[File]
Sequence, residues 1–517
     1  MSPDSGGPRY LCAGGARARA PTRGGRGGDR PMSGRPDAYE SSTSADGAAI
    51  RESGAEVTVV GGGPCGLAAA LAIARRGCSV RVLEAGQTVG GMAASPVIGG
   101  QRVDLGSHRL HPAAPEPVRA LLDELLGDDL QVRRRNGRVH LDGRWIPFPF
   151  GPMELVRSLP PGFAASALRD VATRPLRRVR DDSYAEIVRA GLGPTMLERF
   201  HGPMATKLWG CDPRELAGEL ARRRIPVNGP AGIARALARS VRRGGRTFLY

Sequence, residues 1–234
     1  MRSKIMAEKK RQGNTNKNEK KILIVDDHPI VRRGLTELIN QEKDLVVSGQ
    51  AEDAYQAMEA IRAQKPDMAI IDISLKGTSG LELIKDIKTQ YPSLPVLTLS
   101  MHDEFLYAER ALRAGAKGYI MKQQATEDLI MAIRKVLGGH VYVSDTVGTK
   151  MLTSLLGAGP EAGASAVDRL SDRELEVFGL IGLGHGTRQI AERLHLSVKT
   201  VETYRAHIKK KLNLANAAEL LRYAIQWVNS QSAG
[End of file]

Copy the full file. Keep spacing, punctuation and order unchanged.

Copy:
Sequence, residues 1–517
     1  MSPDSGGPRY LCAGGARARA PTRGGRGGDR PMSGRPDAYE SSTSADGAAI
    51  RESGAEVTVV GGGPCGLAAA LAIARRGCSV RVLEAGQTVG GMAASPVIGG
   101  QRVDLGSHRL HPAAPEPVRA LLDELLGDDL QVRRRNGRVH LDGRWIPFPF
   151  GPMELVRSLP PGFAASALRD VATRPLRRVR DDSYAEIVRA GLGPTMLERF
   201  HGPMATKLWG CDPRELAGEL ARRRIPVNGP AGIARALARS VRRGGRTFLY

Sequence, residues 1–234
     1  MRSKIMAEKK RQGNTNKNEK KILIVDDHPI VRRGLTELIN QEKDLVVSGQ
    51  AEDAYQAMEA IRAQKPDMAI IDISLKGTSG LELIKDIKTQ YPSLPVLTLS
   101  MHDEFLYAER ALRAGAKGYI MKQQATEDLI MAIRKVLGGH VYVSDTVGTK
   151  MLTSLLGAGP EAGASAVDRL SDRELEVFGL IGLGHGTRQI AERLHLSVKT
   201  VETYRAHIKK KLNLANAAEL LRYAIQWVNS QSAG